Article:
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Raafay Sophie, Na Lu, Peter A Campochiaro; Baseline predictors of functional outcomes in patients with diabetic macular edema (DME) in the RISE and RIDE trials. Invest. Ophthalmol. Vis. Sci. 2014;55(13):1702.
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© ARVO (1962-2015); The Authors (2016-present)
To identify predictors of visual and anatomic outcomes in ranibizumab- and sham-treated DME patients in the RISE and RIDE trials.
In 502 ranibizumab-treated and 257 sham-treated subjects, predictors from univariate logistic regression with p<0.20 were carried forward in a multivariate regression model. Those with p<0.05 were retained using backward selection. Outcome measures 24 months after baseline included best corrected visual acuity (BCVA) ≥20/40 (70 ETDRS letters), BCVA gain ≥15 letters, BCVA ≤20/100 (50 letters), BCVA loss ≥15 letters, and central foveal thickness (CFT) ≤250µm.
In ranibizumab-treated subjects, young age and presence of subretinal fluid were predictive of BCVA gain ≥15 letters and BCVA ≥20/40. Poor baseline BCVA was predictive of BCVA gain ≥15 letters and BCVA ≤20/100, while good BCVA at baseline predicted BCVA ≥20/40. Prior or during-study panretinal photocoagulation (PRP) predicted BCVA <20/40. Low CFT, subretinal fluid and small vs. large cysts predicted CFT≤250µm. In sham-treated subjects, young age and low baseline CFT predicted BCVA gain ≥15 letters and BCVA ≥20/40; BCVA gain ≥15 letters and BCVA ≥20/40 were associated with poor and good baseline BCVA, respectively. Renal disease predicted BCVA <20/40. Low baseline CFT, poor baseline BCVA, prior or during- study PRP, and statin use predicted CFT≤250. Low baseline BCVA, renal disease, and large vs. small cysts predicted BCVA ≤20/100.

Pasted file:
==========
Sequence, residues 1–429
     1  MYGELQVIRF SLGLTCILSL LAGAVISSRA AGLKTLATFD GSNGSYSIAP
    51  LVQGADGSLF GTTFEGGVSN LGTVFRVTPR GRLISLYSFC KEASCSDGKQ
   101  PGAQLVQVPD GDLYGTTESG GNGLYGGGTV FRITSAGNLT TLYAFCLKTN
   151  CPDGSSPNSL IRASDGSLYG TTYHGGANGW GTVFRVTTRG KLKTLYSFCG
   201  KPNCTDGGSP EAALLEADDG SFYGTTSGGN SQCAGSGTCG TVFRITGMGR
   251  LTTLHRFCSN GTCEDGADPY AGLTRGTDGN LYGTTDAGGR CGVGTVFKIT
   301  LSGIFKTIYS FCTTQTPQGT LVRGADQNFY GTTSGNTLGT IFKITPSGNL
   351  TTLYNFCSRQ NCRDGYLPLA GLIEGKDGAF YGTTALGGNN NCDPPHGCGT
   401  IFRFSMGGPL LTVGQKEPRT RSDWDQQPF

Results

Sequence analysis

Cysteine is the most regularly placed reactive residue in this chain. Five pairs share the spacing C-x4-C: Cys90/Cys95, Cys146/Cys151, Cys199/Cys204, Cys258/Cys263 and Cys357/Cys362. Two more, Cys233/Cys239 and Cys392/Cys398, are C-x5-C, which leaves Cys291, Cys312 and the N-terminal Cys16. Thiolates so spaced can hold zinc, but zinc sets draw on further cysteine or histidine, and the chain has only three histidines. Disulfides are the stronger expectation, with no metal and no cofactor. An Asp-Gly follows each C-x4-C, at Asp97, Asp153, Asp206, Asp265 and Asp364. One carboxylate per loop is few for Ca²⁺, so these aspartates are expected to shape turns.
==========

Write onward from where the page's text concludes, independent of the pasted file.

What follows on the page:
In ranibizumab- or sham-treated subjects, young age and baseline BCVA predicted good visual outcome. Subretinal fluid predicted good outcome in ranibizumab-treated and poor outcome in sham-treated subjects. Absence of severe thickening or large cysts at baseline was important to obtain good visual outcome in sham-treated but not ranibizumab-treated subjects. Renal disease predicted a poor outcome in sham-treated but not ranibizumab-treated subjects. These data suggest that delayed ranibizumab treatment has greater negative consequences in DME patients with subretinal fluid, severe edema, large cysts, or renal disease.
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